• Let the shell widget which contains the dialog be called "shell".
  • Let the top level form underneath the shell be called "topform".
  • Let the drawing area be called "drawable". This is a child of topform.
  • Let the form containing the menubar and extra widgets be called "subform". This subform is a child of the topform.

The dialog should be laid out as follows: the subform should be attached to the left, right, and top to the containing topform. The drawable should be attached to the left, right, and bottom to the containing topform. The drawable should also be attached to the top to the subform widget. The following code does this:

	XtVaSetValues (subform, XmNtopAttachment,    XmATTACH_FORM,
				XmNleftAttachment,   XmATTACH_FORM,
				XmNrightAttachment,  XmATTACH_FORM,
				XmNbottomAttachment, XmATTACH_NONE,
				NULL);

	XtVaSetValues (drawable, XmNtopAttachment,    XmATTACH_WIDGET,
				 XmNtopWidget,        subform,
				 XmNleftAttachment,   XmATTACH_FORM,
				 XmNrightAttachment,  XmATTACH_FORM,
				 XmNbottomAttachment, XmATTACH_FORM,
				 NULL);

At this point when we lay out the initial dialog, we make sure that the resize policy is correct to prevent the explosive geometry management effects:

	XtVaSetValues (topform, XmNresizePolicy, XmRESIZE_NONE, NULL);

Now we can start to look at the dynamic behavior. The algorithm for making the drawing area occupy the whole dialog is as follows:

	XtVaSetValues (drawable, XmNtopAttachment, XmATTACH_FORM, NULL);
	XtUnmanageChild (subform);

The algorithm for redisplaying the menubar and other widgets is:

	XtManageChild (subform);
	XtVaSetValues (drawable, XmNtopAttachment, XmATTACH_WIDGET,
				 XmNtopWidget,     subform,
				 NULL);

Lastly, we need to add some actions, translations, and so forth, to call the above algorithms. How to do this is really a separate question, but the code to do this for the example figure can be downloaded from here. The key routines are:

    XtAppAddActions() - installs a new action into the application
    XtParseTranslations() - parses a translation specification into an internal toolkit form
    XtOverrideTranslations() - installs the parsed translations onto the drawing area widget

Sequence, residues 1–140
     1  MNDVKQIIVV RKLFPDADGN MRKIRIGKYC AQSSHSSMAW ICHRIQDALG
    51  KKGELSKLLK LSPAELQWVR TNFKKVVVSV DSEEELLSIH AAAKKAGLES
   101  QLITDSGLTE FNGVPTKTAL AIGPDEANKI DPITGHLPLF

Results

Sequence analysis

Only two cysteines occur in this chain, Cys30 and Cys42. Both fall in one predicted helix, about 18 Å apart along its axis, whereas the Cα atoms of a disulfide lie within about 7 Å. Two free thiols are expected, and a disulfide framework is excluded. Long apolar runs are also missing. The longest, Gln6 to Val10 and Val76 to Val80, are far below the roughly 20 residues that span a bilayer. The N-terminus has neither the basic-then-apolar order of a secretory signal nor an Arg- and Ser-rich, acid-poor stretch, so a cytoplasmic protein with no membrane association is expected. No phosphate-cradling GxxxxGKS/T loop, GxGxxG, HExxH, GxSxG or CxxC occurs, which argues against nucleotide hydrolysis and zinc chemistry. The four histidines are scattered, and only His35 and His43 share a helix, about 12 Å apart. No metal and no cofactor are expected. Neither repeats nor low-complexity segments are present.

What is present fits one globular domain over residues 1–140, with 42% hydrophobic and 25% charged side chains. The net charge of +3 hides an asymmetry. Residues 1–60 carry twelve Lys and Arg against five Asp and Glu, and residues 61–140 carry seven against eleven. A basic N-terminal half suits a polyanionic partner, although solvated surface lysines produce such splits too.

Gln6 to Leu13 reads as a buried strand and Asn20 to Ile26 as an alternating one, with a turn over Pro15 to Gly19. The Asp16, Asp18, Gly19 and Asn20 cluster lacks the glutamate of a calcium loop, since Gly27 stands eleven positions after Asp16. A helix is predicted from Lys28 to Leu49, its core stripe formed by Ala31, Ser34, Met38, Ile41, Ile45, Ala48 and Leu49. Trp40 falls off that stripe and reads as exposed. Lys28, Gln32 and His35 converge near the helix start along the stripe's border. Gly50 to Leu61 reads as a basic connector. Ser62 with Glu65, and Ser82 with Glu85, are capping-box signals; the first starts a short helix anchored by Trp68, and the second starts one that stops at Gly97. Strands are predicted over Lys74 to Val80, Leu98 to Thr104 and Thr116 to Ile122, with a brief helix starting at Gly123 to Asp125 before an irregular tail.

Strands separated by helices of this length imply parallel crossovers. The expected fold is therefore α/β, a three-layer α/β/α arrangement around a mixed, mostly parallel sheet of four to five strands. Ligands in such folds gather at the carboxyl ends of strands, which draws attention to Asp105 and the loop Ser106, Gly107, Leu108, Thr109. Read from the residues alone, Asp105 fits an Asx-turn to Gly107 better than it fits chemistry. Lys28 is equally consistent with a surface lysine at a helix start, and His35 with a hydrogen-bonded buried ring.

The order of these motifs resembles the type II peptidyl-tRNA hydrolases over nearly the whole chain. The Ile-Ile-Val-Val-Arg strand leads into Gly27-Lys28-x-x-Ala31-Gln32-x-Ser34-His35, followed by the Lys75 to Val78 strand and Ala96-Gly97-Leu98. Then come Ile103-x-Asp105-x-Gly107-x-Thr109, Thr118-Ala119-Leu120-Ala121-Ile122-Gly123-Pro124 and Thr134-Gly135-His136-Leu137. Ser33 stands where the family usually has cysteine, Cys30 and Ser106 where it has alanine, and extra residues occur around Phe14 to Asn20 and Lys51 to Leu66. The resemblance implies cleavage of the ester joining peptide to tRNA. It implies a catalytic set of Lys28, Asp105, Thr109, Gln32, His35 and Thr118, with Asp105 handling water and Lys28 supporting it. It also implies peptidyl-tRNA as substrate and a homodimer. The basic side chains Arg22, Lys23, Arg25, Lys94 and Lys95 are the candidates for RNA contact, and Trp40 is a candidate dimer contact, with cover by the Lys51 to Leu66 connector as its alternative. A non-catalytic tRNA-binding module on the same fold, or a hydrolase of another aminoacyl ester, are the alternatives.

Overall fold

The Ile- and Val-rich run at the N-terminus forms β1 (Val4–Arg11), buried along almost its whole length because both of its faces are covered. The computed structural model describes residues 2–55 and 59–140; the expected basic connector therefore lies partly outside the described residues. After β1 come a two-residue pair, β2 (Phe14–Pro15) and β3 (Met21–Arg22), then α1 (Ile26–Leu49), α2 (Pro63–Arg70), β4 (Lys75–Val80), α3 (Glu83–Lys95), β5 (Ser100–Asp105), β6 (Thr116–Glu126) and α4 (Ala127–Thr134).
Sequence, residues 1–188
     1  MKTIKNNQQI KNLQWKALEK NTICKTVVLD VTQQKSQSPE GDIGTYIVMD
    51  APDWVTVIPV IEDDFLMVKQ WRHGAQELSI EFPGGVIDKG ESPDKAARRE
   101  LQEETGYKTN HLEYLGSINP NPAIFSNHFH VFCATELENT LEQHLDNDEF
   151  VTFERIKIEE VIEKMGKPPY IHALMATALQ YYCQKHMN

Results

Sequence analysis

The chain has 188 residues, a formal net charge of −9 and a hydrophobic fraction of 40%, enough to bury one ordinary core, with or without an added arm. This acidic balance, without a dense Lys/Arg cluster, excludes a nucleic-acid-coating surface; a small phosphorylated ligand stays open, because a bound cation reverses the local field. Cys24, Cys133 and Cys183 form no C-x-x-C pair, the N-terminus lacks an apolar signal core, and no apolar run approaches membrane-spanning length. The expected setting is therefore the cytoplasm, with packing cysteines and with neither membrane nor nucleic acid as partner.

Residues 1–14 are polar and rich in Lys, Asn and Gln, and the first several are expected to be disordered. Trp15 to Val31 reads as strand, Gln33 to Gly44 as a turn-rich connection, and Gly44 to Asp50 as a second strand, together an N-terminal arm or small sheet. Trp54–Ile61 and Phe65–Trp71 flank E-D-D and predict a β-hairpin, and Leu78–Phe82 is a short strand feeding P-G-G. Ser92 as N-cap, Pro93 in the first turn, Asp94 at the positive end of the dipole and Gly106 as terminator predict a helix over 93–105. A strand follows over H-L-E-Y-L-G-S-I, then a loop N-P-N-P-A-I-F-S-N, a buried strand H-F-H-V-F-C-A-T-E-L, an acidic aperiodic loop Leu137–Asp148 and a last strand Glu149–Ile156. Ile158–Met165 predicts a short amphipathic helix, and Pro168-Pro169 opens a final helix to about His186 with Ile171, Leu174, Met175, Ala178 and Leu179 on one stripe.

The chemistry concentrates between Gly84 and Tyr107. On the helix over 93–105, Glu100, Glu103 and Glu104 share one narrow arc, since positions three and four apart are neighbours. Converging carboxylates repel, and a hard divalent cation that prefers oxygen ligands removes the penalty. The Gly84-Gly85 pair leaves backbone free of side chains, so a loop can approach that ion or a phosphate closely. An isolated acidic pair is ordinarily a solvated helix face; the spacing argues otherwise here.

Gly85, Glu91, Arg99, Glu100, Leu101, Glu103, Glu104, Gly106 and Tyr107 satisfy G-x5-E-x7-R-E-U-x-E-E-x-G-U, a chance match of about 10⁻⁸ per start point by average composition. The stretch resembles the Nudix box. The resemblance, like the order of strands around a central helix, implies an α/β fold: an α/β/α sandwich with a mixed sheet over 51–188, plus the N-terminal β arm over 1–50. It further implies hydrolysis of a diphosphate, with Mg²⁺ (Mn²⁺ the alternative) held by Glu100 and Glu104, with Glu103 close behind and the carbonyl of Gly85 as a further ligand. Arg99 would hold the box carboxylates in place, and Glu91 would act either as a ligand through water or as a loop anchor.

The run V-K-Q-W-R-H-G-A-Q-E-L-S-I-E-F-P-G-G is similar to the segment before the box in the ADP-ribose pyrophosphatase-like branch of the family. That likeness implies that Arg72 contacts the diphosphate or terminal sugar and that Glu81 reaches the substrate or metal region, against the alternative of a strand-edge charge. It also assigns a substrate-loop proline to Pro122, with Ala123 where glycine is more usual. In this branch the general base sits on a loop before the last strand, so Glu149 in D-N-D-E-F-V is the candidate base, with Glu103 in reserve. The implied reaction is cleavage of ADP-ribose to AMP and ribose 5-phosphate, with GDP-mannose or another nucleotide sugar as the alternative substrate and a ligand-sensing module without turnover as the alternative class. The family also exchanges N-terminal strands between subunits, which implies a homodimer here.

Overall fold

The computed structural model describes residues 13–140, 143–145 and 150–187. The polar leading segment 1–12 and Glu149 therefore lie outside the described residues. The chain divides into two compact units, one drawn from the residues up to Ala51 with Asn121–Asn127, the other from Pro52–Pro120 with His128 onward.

XtKeysymToKeycode() - a routine to convert a logical Key symbol into internal form (keycode)
    XtGrabKey() - a routine to catch a keycode on a widget, and distribute it elsewhere
    XtAddEventHandler() - a routine to install interest in an event for a widget

The example installs the translation "Ctrl<Key>R" for the resize action. You should be able to type this anywhere in the application, and the resize behaviour should take effect, irrespective of where the focus is currently located. The effect is as given in the following figure; typing the translation again should revert to the original figure above, without any resize of the containing dialog:

The application has been generated using X-Designer. For this, I apologise: it is not my intention to use this column as a blatant advertising vehicle. However, writing this piece of code by hand would have taken me rather long to effect a reply. The design file is included with the sample sources, in case anyone is interested or has use of this. The sources can be read, however, completely independently of the GUI builder: its the code I would have written by hand if I had that amount of time.

The sources consist of:

  • resize.c - the generated source code for the interface
  • resize_stubs.c - the event handler, action code for the drawing area
  • resize.h - a header file with the extern widget declarations
  • Makefile - a general purpose Makefile for the application. Its configured for Solaris, but at the top of the file are rules for various platforms: simply comment out the Solaris section, and uncomment your platform as required.
  • resize.xd - the X-Designer design save file. Feel free to ignore this.

In order to see the source code listings (in a new window) click on the file names above, then to save the code in a file use 'Save As' from the 'File' menu of that window.

Alternatively download a tar archive, resize.tar. of all the above source files. If you are using Netscape Navigator you may have to hold down the Shift key when you click on the file name in order to ensure that you are prompted to save the file.